The operators of Dublin Airport have been issued with fresh warning letters from Fingal County Council following new complaints relating to its north runway.
There is mounting pressure on council officials to complete an investigation into ongoing complaints by local residents.
A separate review of noise levels and their effects on local communities has also been initiated by the Aircraft Noise Competent Authority (Anca), a separate and independent directorate within Fingal County Council.
Residents across north Co Dublin are continuing to challenge the new runway, which opened last August, after many found themselves unexpectedly affected by aircraft noise.
According to many in the surrounding communities, efforts to amend flight paths last month have made little difference, rendering some areas quieter but some noisier.
Accusations the airport is in breach of planning conditions for the runway have been rejected by DAA, the company that runs the airport. It has been under investigation for alleged noncompliance since last year.
It has now emerged two further warning letters were issued by Fingal County Council following continued complaints.
A report circulated to local representatives noted that technical responses to its initial letter had been received from DAA and were under review “as part of its ongoing investigation into an allegation of unauthorised development”.
However, remarking on the time it was taking to arrive at a planning decision at Monday night’s council meeting, Independent Cllr Cathal Boland said completing its obligations in a “timely manner” was important to the credibility of the local authority and that “external” experts should be brought in to assist if required.
Other councillors questioned how the planning enforcement process was being handled and how long it was taking.
Fingal’s chief executive, Ann Marie Farrelly, said there was a need to safeguard the process by not offering too much detail relating to the ongoing investigation.
She said she had sought a meeting senior management at DAA and said external experts were available to planning officials “where they are needed”, as is external legal advice.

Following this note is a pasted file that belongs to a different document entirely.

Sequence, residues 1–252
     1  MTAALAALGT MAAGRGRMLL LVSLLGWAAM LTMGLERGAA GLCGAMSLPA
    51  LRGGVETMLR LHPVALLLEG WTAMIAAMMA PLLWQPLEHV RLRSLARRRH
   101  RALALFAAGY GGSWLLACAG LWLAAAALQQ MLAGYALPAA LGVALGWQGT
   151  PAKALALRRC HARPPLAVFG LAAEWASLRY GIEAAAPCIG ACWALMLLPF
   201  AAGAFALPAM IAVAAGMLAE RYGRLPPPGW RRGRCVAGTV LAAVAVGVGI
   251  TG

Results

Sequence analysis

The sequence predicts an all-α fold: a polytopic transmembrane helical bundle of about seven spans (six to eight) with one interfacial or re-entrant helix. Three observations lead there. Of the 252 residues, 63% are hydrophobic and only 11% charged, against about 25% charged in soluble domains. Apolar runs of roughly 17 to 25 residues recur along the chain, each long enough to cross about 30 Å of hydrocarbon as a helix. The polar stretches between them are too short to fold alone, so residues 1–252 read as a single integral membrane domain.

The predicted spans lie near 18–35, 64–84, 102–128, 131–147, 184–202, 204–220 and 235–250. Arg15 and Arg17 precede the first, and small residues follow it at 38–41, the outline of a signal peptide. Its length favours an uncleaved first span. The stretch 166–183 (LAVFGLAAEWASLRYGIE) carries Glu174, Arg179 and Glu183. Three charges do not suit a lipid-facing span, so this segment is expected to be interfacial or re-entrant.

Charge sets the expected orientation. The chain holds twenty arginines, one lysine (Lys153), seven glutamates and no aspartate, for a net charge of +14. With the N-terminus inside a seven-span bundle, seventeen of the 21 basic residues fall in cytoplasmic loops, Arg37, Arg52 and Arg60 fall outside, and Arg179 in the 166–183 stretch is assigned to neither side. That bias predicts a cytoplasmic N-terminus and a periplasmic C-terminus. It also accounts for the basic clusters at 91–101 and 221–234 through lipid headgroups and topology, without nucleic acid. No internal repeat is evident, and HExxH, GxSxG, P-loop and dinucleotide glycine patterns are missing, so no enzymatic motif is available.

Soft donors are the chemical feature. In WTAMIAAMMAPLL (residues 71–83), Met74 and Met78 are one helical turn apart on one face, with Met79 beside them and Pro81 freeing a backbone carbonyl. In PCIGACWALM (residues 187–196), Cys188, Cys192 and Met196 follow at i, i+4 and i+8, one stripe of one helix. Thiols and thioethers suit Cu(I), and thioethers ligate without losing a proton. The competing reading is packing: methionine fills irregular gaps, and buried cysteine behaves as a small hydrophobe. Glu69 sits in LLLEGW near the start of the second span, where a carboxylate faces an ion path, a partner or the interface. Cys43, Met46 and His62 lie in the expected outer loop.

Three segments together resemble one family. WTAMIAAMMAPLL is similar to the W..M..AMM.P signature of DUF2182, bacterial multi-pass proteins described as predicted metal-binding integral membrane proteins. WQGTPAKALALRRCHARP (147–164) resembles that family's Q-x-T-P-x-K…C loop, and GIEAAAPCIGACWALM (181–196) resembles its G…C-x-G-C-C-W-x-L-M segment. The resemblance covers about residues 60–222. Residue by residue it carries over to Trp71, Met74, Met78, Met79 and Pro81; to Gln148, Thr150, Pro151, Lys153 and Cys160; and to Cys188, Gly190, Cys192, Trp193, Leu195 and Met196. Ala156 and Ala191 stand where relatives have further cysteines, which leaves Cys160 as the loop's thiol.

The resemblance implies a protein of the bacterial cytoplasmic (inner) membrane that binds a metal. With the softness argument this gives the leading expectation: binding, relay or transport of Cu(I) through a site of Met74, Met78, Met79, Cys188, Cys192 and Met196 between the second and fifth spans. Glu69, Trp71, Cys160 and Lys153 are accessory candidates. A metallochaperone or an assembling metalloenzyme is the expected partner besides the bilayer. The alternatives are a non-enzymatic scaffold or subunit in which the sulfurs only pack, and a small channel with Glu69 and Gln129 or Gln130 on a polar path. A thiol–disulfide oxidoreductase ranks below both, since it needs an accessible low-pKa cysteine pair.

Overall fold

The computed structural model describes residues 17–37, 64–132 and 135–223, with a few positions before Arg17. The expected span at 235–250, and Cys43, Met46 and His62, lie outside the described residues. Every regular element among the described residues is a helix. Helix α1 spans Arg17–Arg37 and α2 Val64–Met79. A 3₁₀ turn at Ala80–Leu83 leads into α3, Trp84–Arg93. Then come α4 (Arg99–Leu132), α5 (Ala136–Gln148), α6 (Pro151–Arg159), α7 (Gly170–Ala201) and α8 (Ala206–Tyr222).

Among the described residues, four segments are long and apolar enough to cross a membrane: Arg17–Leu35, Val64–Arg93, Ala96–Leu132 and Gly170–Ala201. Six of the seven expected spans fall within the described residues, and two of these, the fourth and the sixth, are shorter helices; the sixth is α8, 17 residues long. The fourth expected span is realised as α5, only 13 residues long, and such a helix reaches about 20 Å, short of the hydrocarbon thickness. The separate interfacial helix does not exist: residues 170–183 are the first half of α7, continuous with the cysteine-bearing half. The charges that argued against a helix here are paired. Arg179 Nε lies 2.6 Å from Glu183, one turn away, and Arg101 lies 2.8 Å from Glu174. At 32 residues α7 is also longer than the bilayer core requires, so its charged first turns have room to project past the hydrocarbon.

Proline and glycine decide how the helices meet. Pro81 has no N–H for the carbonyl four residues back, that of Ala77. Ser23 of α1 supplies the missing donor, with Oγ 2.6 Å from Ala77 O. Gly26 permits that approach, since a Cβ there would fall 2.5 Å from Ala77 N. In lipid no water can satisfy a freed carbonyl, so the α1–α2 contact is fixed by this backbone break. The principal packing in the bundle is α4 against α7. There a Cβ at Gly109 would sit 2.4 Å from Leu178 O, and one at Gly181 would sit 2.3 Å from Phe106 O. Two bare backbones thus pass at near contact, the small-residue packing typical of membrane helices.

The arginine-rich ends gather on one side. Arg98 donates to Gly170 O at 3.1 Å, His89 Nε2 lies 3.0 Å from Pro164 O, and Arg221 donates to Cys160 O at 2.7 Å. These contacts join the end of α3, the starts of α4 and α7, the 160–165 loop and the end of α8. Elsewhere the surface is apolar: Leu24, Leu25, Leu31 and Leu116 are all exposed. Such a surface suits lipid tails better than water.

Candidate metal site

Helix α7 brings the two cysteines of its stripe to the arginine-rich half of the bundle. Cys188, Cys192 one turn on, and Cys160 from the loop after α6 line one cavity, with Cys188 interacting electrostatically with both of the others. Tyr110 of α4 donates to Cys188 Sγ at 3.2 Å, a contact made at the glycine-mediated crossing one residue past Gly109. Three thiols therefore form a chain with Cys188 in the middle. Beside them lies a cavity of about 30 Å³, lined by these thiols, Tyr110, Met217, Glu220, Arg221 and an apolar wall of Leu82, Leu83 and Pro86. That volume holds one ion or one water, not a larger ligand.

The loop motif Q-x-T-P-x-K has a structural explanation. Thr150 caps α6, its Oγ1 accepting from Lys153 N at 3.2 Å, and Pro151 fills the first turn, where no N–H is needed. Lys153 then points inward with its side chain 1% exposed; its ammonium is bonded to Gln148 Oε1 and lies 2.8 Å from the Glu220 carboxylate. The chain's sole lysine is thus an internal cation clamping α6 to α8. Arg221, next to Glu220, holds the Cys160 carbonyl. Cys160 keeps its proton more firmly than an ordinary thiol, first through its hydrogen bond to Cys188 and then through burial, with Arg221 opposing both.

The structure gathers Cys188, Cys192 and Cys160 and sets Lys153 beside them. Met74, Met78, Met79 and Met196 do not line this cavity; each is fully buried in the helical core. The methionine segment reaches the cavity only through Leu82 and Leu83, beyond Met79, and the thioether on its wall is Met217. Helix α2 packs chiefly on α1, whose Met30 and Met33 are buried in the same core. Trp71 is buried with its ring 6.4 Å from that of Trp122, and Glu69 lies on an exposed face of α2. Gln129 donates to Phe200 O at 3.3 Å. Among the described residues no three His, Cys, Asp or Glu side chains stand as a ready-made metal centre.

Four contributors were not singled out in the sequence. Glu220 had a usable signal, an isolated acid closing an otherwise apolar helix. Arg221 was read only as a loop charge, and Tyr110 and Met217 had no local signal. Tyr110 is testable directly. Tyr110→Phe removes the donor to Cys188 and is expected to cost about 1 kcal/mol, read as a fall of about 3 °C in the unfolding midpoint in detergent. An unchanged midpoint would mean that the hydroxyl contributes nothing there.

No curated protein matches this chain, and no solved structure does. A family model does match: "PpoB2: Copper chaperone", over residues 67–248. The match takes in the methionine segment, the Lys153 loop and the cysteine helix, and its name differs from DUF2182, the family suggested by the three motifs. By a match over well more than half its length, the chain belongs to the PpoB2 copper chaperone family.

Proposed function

Speaking later, Cllr Boland said this reference to external expertise to help examine DAA data supplied for the investigation was a “very significant development” in accelerating the process.
“The future of how the airport develops will hinge on this,” he told The Irish Times.
A report prepared by Matthew McAleese, Fingal’s director of services for planning, said they are awaiting a response following further warning letters issued at the beginning of March.
Meanwhile, a separate review is under way by Anca evaluating the impact of aircraft noise on the surrounding communities.
DAA has been directed to provide it with operational data on a phased basis until the end of March. Anca is also engaging with DAA on a “significant expansion” of noise-measuring systems in the area.
In a statement, airport management rejected claims it is in breach of planning permission granted for the north runway and said a review undertaken of flight paths had led to amendments last month.
“DAA is aware that Fingal County Council is currently undertaking an investigation into the North Runway planning permission and is fully participating and engaging in this process,” a spokesman said.
“In the meantime, DAA continues to work closely with the local community regarding any issues they are facing as a result of operations at Dublin Airport.”
The spokesman said it was not appropriate to further discuss “matters which are the subject of ongoing statutory planning enforcement and appeals processes”.
An Bord Pleanála is due to issue a decision relating to an expansion of runway use in the coming months.